A group of senators and a research group in the past week urged the Labor Department to more than double the weekly salary threshold for exempting employees from overtime premiums of the Fair Labor Standards Act, but an increase of that magnitude would not necessarily accord with standards established by the department, a partner of a law firm said.
A letter to President Barack Obama that was issued Jan. 30 by 26 Democratic-caucus senators, including Sens. Dick Durbin (D-Ill.), Patty Murray (D-Wa.) and Bernie Sanders (I-Vt.), suggested that the weekly salary threshold should be raised to at least $1,090 to help employees in the middle class. The Economic Policy Institute said Jan. 28 in a news release that the threshold should be raised to about $960 to “improve the well-being of the affected employees without harm to the economy.”
However, the Labor Department's analysis of how much the threshold should be raised, which is to influence the threshold included in upcoming proposed regulations, should focus on how the economy would be affected by an increase instead of focusing on how to help employees, which is a “wholly-illegitimate motivation” because the department does not have the power to set the threshold based on that consideration, said John E. Thompson, a partner with Fisher & Phillips LLP, in a blog post Feb. 4.
A weekly salary threshold calculated in consideration of the factors the Labor Department applied for previous threshold calculations likely would be lower than the thresholds proposed by the Democratic-caucus senators and the Economic Policy Institute, Thompson said.
The Labor Department established the weekly salary threshold in 1975 as $155 and in 2004 as $455 because it determined that those thresholds would be sufficiently appropriate to accommodate varying prevailing wage levels across the U.S. while having sufficiently low negative effects on inflation, low-income industries and small businesses, Thompson said. Because of these factors, the department “has deliberately set the threshold near the lower end of prevailing salaries,” and establishing a higher threshold for the primary purpose of helping employees would be inconsistent with the department's previous practices for establishing the weekly salary threshold, he said.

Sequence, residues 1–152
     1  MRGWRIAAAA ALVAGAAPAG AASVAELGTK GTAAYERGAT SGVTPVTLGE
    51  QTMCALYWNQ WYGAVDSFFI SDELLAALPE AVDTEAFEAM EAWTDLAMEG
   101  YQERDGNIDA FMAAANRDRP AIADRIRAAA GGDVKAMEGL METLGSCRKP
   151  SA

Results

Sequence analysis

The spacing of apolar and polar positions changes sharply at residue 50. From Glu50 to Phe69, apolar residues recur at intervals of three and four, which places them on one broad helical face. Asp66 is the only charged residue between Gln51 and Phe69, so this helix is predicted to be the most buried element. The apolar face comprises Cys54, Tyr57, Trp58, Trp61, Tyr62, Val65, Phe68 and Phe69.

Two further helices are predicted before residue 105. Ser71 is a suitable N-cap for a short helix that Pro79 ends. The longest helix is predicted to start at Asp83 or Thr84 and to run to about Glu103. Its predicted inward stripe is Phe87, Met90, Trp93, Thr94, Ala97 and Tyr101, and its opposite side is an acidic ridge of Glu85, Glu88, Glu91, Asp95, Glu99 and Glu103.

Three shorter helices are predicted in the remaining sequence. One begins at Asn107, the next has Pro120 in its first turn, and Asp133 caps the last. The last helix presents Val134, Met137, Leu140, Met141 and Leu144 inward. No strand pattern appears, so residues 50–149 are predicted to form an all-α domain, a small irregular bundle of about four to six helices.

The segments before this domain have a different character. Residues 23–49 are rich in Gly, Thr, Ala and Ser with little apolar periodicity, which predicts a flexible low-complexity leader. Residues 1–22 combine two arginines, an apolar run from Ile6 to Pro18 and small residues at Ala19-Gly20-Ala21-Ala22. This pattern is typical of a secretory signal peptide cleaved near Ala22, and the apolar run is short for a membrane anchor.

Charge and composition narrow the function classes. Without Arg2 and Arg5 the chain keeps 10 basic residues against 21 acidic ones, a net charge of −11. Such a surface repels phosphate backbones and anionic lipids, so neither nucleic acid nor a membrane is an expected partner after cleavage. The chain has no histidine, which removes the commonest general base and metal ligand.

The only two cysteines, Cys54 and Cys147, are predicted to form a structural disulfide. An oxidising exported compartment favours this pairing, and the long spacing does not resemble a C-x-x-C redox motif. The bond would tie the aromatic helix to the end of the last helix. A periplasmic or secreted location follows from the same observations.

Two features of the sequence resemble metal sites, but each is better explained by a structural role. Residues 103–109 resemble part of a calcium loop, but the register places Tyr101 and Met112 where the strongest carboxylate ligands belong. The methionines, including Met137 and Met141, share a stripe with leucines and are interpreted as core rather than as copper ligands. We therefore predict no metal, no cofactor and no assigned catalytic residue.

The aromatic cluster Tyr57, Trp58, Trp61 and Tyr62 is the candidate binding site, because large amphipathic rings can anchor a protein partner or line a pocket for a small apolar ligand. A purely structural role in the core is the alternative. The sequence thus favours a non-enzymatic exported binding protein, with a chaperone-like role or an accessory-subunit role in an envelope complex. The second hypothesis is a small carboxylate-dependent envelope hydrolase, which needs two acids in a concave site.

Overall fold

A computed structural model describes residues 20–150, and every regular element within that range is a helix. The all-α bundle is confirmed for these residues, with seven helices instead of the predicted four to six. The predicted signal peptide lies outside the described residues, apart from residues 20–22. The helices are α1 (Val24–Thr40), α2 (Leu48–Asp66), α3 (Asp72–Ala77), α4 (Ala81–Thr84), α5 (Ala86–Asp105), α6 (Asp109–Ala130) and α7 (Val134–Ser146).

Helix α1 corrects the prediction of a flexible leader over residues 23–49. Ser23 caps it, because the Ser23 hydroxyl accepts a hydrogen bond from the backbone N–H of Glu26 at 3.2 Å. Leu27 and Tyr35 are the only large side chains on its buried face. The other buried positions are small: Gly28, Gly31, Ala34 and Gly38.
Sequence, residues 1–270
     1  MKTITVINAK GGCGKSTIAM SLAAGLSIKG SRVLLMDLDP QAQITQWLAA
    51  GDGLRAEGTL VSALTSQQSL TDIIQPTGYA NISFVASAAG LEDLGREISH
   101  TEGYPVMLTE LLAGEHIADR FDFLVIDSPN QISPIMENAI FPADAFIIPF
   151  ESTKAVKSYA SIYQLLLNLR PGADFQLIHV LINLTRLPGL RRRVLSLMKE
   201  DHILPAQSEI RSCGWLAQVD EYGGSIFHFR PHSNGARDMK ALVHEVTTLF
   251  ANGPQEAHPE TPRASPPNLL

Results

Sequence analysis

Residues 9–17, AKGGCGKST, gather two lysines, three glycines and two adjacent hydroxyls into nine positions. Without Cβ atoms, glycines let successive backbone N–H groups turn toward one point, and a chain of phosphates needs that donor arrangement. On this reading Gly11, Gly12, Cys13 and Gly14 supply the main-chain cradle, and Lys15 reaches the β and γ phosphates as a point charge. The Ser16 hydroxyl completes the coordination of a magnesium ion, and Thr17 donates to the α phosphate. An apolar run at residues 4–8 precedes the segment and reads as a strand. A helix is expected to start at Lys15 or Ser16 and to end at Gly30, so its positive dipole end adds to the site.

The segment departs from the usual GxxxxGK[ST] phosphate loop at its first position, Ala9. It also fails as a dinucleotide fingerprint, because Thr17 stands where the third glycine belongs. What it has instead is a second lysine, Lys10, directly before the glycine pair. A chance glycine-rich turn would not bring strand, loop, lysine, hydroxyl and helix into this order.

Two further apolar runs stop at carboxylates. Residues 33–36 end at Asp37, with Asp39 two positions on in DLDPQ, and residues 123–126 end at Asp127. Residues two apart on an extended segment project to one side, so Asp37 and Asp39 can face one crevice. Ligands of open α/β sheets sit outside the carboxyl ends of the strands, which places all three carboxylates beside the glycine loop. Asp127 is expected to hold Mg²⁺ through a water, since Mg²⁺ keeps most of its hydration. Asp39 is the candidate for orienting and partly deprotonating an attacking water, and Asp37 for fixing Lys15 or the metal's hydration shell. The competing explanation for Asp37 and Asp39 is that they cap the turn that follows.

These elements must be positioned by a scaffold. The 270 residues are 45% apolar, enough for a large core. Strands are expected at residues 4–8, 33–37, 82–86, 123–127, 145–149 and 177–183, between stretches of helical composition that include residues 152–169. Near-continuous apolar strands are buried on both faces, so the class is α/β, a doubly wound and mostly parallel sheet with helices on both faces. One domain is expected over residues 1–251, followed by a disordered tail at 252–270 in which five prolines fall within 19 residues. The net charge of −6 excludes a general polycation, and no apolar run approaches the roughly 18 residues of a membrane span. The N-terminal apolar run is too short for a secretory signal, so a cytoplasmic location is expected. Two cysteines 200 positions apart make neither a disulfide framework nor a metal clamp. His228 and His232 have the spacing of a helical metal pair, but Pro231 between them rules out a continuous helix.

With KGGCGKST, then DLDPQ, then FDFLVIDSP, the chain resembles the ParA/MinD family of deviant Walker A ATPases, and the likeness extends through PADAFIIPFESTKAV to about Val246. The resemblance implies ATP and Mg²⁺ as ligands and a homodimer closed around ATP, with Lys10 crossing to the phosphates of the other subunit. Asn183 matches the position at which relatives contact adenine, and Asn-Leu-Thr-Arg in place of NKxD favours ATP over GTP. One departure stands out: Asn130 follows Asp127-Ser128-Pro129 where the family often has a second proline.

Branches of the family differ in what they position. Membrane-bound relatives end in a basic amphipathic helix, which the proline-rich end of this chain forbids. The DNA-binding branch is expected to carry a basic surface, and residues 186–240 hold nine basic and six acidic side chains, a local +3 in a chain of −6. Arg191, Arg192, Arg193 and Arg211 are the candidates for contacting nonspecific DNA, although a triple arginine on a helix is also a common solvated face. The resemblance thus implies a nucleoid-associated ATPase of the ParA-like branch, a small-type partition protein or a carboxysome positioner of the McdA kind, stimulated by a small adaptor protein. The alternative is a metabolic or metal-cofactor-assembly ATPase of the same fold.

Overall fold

The thresholds established in 1975 and 2004 were not established “in the interests of increasing the proportion of salaried employees who would … be excluded from [the FLSA's overtime] exemptions,” Thompson said. “These are fundamentally policymaking matters to be addressed, if at all, through the lawmaking process, rather than through administrative rulemaking.”
The Democratic-caucus senators who suggested that the weekly threshold should be raised to at least $1,090 think this would be an appropriate level because the percentage of salaried workers protected by the FLSA's overtime provisions significantly decreased since 1975 and their proposed increase would enable about half of salaried workers to be nonexempt from overtime premiums. While about 11 percent of salaried workers earn less than the current weekly threshold of $455, about 65 percent of salaried workers in 1975 earned less than the weekly threshold of $155 established that year, the senators said.
Proposed regulations regarding an update to the weekly salary threshold for exempting employees from the FLSA's overtime requirements are to be released this month, according to the Labor Department's Fall 2014 semiannual regulatory agenda. The upcoming proposed regulations are in response to Obama's memorandum issued March 13 directing the Labor Department to update the weekly salary threshold for the executive, administrative and professional exemptions from the overtime requirements of the FLSA.
For more information, see Compensation and Benefits Library's “FLSA Exemptions” chapter.
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